I’m also still processing that this might be our last IVF and our last chance at conceiving our own baby.  Remember that post about realizing we would be okay as a childless couple? Yeah, that clarity seems to have escaped me for the moment. Besides obsessively checking the internet for stories on false negative betas and grumbling at everyone I know with a child on FB, I’ve been researching surrogacy and mentally shifting my entire 401k over to our savings account so that we can start that process ASAP. There have been many emails to friends and acquaintances who have successfully adopted to get advice. I’ve signed up for informational meetings to look into the adoption process.

The problem is that we have one more embryo left. We also have one fresh round left with Attain, which could set us up nicely with bank of embryos to use in surrogacy if that’s the route we choose to take.  I really don’t want to walk away from our last embryo, but I’m not sure what our RE will say at our post IVF consult. Last time we met, she was leaning towards this round being it.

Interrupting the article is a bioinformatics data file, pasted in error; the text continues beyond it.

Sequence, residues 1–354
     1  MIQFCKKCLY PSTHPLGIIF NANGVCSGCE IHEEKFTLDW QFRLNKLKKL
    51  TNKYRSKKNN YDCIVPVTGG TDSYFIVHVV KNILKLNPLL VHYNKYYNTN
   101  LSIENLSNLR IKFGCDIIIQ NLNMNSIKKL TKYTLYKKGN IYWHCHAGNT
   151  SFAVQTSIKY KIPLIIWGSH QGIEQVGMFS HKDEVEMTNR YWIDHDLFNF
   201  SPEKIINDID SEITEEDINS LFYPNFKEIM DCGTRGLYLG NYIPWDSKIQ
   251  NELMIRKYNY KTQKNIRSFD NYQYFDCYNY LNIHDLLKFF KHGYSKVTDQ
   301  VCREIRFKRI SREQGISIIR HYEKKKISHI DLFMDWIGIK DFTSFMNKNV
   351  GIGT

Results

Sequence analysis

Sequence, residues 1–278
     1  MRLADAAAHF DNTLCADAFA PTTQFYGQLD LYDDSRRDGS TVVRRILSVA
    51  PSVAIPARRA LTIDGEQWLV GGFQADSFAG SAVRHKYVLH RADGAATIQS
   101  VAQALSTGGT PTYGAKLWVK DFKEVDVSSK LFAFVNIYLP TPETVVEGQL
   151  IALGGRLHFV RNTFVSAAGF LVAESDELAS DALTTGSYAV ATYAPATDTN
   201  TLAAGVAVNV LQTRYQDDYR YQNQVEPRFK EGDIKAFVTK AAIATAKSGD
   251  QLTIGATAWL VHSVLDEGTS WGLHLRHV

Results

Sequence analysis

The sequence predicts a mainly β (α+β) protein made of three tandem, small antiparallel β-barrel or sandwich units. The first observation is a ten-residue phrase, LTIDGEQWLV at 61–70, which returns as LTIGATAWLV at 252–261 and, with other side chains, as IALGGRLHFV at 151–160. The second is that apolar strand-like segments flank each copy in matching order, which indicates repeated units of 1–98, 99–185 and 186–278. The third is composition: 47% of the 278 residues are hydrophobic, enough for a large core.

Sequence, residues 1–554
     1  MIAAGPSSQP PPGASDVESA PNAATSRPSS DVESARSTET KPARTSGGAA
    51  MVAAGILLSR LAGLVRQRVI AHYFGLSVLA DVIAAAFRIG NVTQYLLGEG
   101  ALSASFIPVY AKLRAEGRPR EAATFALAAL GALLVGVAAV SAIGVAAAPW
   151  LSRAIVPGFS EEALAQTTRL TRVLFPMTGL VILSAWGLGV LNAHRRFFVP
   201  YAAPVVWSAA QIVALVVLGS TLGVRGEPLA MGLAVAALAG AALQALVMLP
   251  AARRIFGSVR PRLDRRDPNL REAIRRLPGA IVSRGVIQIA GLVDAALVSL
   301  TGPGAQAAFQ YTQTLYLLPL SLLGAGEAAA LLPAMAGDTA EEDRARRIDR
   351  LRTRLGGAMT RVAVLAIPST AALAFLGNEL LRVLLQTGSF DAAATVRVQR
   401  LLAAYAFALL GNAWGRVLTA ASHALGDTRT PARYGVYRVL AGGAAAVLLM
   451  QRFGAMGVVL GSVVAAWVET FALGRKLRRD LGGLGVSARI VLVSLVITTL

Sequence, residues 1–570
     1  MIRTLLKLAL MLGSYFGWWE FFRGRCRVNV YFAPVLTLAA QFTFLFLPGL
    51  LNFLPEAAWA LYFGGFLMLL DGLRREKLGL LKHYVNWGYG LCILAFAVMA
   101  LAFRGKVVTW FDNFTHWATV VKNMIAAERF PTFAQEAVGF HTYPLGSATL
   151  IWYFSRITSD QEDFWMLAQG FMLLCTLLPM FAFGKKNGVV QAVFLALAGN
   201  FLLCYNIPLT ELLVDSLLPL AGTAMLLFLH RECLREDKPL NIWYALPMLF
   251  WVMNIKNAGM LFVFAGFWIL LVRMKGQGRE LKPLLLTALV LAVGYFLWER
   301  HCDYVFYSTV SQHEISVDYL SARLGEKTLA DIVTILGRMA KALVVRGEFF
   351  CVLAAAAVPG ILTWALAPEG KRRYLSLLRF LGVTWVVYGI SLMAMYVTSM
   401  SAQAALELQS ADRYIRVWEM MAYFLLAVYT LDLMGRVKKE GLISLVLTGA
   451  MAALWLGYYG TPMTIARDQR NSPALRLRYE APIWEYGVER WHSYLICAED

Here’s one of the hardest things to deal with at this point for me. How do I define myself now? Is our journey to conceive over? Who do I become if it is?

My heart is breaking and saying it has no idea who I am and that no, the journey cannot be over.  I’m 34 years old and I know that is still young enough to have a healthy baby, but for whatever reason my uterus does not want to support a life. Surrogacy and adoption are both very exciting options for me, but the cost is so huge. We’ve borrowed pretty much all we can at this point. Fostering is something else we’ve talked about, but right now all I can think about is raising an infant. I know that sounds horrible, but that’s been the dream for 6 years. I always thought we might foster after we’d had our own children.

This summer, I assumed that if this round could get underway, we’d have some idea of what direction we were heading in and life could move forward. Now it seems that even with knowing the round wasn’t successful, I’m a muddled mess of tears, anger, and anxiety at what to do next. What I would do to be back in the Rockies right now getting my clarity back.

Anyone know of helpful ways to mend a broken heart?